Unfortunately for some shareholders, the BioSpecifics Technologies (NASDAQ:BSTC) share price has dived 32% in the last thirty days. Indeed the recent decline has arguably caused some bitterness for shareholders who have held through the 35% drop over twelve months.
Assuming nothing else has changed, a lower share price makes a stock more attractive to potential buyers. While the market sentiment towards a stock is very changeable, in the long run, the share price will tend to move in the same direction as earnings per share. The implication here is that long term investors have an opportunity when expectations of a company are too low. One way to gauge market expectations of a stock is to look at its Price to Earnings Ratio (PE Ratio). Investors have optimistic expectations of companies with higher P/E ratios, compared to companies with lower P/E ratios.
Does BioSpecifics Technologies Have A Relatively High Or Low P/E For Its Industry?
BioSpecifics Technologies's P/E is 13.16. The image below shows that BioSpecifics Technologies has a P/E ratio that is roughly in line with the biotechs industry average (13.8).
BioSpecifics Technologies's P/E tells us that market participants think its prospects are roughly in line with its industry. So if BioSpecifics Technologies actually outperforms its peers going forward, that should be a positive for the share price. Checking factors such as director buying and selling. could help you form your own view on if that will happen.
How Growth Rates Impact P/E Ratios
P/E ratios primarily reflect market expectations around earnings growth rates. Earnings growth means that in the future the 'E' will be higher. That means even if the current P/E is high, it will reduce over time if the share price stays flat. Then, a lower P/E should attract more buyers, pushing the share price up.
BioSpecifics Technologies increased earnings per share by an impressive 21% over the last twelve months. And it has bolstered its earnings per share by 36% per year over the last five years. This could arguably justify a relatively high P/E ratio.
A Limitation: P/E Ratios Ignore Debt and Cash In The Bank
It's important to note that the P/E ratio considers the market capitalization, not the enterprise value. That means it doesn't take debt or cash into account. Theoretically, a business can improve its earnings (and produce a lower P/E in the future) by investing in growth. That means taking on debt (or spending its cash).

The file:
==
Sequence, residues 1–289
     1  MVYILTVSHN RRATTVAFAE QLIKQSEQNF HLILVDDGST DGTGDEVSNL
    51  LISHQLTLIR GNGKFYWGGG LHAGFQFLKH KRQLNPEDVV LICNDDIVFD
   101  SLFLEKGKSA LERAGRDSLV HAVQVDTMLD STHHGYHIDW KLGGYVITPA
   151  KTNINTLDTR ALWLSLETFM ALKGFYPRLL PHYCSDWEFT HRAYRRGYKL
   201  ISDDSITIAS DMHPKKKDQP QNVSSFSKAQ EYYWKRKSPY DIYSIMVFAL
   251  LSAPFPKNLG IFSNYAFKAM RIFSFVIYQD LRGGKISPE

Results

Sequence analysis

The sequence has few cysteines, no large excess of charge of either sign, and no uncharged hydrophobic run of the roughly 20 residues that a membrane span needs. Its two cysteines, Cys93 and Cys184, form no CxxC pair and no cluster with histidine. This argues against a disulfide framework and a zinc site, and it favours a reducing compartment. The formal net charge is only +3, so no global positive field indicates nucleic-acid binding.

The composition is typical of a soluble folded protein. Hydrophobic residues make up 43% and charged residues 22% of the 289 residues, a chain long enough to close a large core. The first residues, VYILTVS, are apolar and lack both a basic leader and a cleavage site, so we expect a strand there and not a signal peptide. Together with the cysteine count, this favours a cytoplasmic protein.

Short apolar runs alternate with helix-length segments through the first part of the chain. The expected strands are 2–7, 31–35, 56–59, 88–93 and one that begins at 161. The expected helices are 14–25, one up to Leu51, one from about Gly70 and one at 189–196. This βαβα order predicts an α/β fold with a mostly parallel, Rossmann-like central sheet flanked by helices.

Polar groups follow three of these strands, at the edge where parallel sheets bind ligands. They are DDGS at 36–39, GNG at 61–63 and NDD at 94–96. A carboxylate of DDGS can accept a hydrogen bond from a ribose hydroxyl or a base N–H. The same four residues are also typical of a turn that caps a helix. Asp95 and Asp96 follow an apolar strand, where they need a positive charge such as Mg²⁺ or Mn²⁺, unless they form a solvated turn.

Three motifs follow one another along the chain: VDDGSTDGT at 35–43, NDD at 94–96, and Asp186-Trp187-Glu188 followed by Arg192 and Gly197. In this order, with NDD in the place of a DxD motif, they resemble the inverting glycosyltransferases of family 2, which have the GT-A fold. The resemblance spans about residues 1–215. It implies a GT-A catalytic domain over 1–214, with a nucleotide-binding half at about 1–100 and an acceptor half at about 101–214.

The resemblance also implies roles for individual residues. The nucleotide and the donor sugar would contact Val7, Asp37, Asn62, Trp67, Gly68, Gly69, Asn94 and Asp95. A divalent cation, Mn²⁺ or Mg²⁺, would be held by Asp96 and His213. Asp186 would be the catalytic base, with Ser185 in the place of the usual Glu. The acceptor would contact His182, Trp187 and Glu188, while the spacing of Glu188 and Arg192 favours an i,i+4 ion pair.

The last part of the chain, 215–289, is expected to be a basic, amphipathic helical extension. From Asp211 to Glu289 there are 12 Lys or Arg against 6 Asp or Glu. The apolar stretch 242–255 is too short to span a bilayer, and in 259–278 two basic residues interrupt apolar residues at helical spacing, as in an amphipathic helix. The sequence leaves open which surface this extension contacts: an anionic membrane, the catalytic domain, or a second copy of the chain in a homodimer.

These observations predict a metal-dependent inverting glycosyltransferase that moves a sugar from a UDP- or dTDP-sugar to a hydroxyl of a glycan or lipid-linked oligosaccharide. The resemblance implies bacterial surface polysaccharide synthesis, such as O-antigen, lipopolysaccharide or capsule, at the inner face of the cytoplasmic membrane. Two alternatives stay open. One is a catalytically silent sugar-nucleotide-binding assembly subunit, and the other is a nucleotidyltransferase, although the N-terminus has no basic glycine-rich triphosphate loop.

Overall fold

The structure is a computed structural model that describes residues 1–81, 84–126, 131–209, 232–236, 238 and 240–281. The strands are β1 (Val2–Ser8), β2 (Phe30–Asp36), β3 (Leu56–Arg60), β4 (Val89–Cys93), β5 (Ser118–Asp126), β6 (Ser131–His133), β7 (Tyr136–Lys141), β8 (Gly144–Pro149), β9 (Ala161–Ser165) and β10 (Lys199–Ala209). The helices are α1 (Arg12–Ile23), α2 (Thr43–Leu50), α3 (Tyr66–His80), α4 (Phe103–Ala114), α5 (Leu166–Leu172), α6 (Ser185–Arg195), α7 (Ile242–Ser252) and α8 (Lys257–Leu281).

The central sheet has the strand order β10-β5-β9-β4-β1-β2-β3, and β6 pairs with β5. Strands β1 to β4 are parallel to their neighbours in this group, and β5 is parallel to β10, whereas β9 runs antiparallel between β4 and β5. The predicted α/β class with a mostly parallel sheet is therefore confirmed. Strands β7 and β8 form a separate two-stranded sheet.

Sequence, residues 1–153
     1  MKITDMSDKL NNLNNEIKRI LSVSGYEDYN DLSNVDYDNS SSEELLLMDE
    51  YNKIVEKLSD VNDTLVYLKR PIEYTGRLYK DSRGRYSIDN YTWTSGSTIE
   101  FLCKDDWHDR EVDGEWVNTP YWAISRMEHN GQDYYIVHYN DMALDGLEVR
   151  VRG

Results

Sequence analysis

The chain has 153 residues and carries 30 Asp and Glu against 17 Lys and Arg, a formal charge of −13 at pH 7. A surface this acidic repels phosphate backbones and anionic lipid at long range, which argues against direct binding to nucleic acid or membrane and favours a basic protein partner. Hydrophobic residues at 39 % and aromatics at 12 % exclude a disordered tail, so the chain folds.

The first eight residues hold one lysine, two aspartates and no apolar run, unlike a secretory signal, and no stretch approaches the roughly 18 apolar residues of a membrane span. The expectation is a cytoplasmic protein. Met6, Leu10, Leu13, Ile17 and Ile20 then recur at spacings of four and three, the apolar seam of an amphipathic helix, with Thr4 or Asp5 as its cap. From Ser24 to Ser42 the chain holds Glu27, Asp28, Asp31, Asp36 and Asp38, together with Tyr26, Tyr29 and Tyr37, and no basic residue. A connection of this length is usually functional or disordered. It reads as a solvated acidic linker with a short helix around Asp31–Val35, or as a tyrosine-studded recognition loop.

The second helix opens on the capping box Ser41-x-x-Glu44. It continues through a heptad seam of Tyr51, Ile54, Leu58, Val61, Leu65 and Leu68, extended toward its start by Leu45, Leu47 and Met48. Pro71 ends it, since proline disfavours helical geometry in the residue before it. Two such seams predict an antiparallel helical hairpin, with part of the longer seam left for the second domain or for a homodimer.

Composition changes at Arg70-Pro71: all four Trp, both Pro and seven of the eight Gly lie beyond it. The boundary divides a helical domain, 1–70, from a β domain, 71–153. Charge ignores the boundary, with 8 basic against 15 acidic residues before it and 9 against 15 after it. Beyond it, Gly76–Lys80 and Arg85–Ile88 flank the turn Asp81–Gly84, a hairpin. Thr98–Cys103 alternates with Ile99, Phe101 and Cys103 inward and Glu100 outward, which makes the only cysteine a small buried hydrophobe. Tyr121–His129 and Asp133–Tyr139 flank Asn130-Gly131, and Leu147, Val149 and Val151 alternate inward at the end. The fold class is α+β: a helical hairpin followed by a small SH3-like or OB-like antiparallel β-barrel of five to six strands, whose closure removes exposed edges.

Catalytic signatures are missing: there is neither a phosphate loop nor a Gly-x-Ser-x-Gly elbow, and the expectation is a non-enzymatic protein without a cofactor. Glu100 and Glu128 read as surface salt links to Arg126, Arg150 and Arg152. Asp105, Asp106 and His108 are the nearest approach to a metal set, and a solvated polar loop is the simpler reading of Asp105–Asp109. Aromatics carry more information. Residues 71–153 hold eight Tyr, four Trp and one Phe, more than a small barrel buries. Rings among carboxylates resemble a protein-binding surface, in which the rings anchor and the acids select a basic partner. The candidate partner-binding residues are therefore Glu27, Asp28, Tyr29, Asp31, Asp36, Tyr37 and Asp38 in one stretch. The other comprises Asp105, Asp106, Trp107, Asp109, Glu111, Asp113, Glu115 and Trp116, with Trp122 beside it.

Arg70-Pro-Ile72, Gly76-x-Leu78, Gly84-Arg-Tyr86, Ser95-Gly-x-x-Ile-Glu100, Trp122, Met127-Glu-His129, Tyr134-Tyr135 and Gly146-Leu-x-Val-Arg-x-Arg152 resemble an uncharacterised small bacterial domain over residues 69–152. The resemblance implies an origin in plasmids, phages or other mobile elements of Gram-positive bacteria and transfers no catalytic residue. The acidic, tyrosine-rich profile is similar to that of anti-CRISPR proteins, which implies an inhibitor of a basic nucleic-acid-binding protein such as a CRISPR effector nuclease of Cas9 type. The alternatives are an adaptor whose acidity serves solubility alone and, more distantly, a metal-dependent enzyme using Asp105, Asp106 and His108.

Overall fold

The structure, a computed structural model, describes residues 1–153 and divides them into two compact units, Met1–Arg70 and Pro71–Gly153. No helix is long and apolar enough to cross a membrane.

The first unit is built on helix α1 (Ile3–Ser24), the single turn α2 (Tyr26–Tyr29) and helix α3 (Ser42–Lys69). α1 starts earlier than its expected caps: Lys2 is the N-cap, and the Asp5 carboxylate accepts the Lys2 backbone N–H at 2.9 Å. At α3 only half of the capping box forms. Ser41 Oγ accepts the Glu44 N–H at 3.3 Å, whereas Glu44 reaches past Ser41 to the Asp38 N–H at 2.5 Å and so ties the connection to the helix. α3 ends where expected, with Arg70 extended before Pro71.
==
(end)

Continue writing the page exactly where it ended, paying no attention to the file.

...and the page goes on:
Spending on growth might be good or bad a few years later, but the point is that the P/E ratio does not account for the option (or lack thereof).
Is Debt Impacting BioSpecifics Technologies's P/E?
BioSpecifics Technologies has net cash of US$89m. This is fairly high at 28% of its market capitalization. That might mean balance sheet strength is important to the business, but should also help push the P/E a bit higher than it would otherwise be.
The Bottom Line On BioSpecifics Technologies's P/E Ratio
BioSpecifics Technologies trades on a P/E ratio of 13.2, which is above its market average of 11.8. Its strong balance sheet gives the company plenty of resources for extra growth, and it has already proven it can grow. So it does not seem strange that the P/E is above average. Given BioSpecifics Technologies's P/E ratio has declined from 19.4 to 13.2 in the last month, we know for sure that the market is significantly less confident about the business today, than it was back then. For those who prefer to invest with the flow of momentum, that might be a bad sign, but for a contrarian, it may signal opportunity.
When the market is wrong about a stock, it gives savvy investors an opportunity. If the reality for a company is better than it expects, you can make money by buying and holding for the long term. So this free visualization of the analyst consensus on future earnings could help you make the right decision about whether to buy, sell, or hold.
You might be able to find a better buy than BioSpecifics Technologies. If you want a selection of possible winners, check out this free list of interesting companies that trade on a P/E below 20 (but have proven they can grow earnings).
If you spot an error that warrants correction, please contact the editor at firstname.lastname@example.org. This article by Simply Wall St is general in nature. It does not constitute a recommendation to buy or sell any stock, and does not take account of your objectives, or your financial situation. Simply Wall St has no position in the stocks mentioned.
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